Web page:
The group projects will develop software to solve typical image processing problems.
Each group will analyze a problem or class or problems, explore algorithmic solutions, write software to address the problem, write a brief summary of what was learned, and give an oral presentation to the class at the end of the course.
Materials that will be made available include bibliographies and sets of typical data.
Teams should have 3-4 students. If you are considering a different size team, check with the instructor.
What to Submit
At the final day of class, turn in a project report explaining the problem, your approach, and assumptions, and tradeoffs. Show a convincing set of results and explain how your algorithms worked and why they didn't. We are more interested in seeing that you had a reasonable approach and can explain what happened than that you got the best possible solution. Use correct grammar and spelling. Include your programs.
Prepare a 10-minute presentation of your project for the final day of class. Everyone in your group should have an opportunity to explain part of the project. Use PowerPoint or Acrobat or equivalent for your presentation. We recommend against showing your complete programs.
Project 1 Tomographic Reconstruction
This project is about how to reconstruct 3D visual data from collections of tomographic data. A typical example is the medical Computer Aided Tomograph (Cat Scan). X-ray images are taken through the body from many angles around the central axis. Each image shows the total x-ray absorption in some direction. From a suite of such images, a 3D model of the body can be reconstructed.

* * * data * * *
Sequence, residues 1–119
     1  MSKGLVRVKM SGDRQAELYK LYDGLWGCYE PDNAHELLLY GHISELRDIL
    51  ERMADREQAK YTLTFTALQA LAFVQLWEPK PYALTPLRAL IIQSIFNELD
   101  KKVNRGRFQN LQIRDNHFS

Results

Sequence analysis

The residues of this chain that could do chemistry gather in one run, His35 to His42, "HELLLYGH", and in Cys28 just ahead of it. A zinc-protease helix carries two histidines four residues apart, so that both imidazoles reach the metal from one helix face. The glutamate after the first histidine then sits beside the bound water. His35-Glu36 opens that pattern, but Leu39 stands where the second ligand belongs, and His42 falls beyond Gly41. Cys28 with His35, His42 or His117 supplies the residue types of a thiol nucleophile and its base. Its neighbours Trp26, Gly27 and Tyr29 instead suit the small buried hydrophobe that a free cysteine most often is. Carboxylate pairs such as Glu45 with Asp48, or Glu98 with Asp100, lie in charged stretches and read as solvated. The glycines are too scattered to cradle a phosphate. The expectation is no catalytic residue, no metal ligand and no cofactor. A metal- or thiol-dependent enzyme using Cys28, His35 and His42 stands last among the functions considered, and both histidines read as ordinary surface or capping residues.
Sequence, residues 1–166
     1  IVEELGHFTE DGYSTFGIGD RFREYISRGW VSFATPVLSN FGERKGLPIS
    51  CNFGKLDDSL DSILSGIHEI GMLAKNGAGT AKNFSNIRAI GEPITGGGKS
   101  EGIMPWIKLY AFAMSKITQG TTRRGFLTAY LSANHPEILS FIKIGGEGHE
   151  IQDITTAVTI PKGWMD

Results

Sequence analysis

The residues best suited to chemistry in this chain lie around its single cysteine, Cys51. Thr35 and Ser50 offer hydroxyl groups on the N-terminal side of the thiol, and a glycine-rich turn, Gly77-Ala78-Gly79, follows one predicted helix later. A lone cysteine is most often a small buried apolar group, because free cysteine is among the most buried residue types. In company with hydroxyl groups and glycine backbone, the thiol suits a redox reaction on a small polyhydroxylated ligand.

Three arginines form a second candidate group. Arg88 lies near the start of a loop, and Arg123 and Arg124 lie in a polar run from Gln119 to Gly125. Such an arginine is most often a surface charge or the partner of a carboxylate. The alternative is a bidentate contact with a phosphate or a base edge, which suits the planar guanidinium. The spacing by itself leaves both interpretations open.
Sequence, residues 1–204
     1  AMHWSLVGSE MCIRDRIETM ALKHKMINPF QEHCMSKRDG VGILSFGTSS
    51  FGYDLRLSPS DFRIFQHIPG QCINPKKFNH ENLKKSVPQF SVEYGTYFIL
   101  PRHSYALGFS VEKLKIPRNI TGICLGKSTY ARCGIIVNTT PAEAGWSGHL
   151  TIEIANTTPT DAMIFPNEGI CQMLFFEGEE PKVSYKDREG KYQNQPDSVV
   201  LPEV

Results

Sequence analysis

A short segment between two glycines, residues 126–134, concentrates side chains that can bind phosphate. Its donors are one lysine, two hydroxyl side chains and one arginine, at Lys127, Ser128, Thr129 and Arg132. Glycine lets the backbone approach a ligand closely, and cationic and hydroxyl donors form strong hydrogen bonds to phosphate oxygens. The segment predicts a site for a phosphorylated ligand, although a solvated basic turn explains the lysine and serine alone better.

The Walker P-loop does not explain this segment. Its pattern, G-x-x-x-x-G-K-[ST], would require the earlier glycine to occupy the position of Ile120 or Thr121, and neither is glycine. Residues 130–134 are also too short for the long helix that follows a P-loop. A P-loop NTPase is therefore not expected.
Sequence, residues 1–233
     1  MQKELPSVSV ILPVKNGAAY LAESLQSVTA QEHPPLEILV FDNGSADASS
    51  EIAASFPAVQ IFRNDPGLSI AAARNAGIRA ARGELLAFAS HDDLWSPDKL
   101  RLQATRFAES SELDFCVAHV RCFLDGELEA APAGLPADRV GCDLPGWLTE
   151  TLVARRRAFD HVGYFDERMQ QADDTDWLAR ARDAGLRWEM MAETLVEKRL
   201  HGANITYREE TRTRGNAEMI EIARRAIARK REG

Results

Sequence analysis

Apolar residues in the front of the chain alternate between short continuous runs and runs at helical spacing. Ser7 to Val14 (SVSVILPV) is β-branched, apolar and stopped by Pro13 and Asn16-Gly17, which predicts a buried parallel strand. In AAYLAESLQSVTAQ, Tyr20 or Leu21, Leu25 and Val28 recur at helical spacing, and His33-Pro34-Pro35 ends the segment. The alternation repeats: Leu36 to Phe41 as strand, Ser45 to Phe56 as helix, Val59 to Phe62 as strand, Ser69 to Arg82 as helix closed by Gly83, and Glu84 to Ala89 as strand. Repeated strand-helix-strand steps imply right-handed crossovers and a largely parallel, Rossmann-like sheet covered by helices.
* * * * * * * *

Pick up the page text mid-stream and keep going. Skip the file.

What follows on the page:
Some of the issues to be addressed in this project are how to reconstruct 3D data from 2D projection, and how to deal with incomplete data (such as a missing image in the data set).
Dataset is in tomo/
Project 2 Missing Data
This project is about how to synthesize realistic data to replace missing data. For example, sensors occasionally have defects that result in entire rows or columns of missing data. The goal is to develop algorithms that can supply reasonable replacement data such that the missing data is not obvious. Consider using frequency-domain as well as, or in conjunction with, spatial domain techniques.
Datasets are in missing/
Project 3 Combining Multiple Images
Often times images are reconstructed from a collection of smaller images. For example, overlapping areal photographs are often combined to create a mosaic image of a larger area. Also, multiple images of the same object made with small shifts of the camera, can be combined to produce a composite image with greater resolution that any of the individual images. This project will explore the problems of combining multiple images.
Datasets are in superres/
Project 4 Rotation
Sometimes, it is necessary to align images by rotation and shifting. This project requires estimation of the rotation between image pairs and correction for the rotation. Also, 4 images of another scene are supplied with different rotations. THese must be combined into a single image.
Datasets are in rotation/
Project 5 Shredder ChallengeThe US Defense Advanced Research Projects Agengy (DARPA) has announced a "Shredder Challenge" at http://www.shredderchallenge.com/. You may enter this competition as the final team project in CS/ECE 545.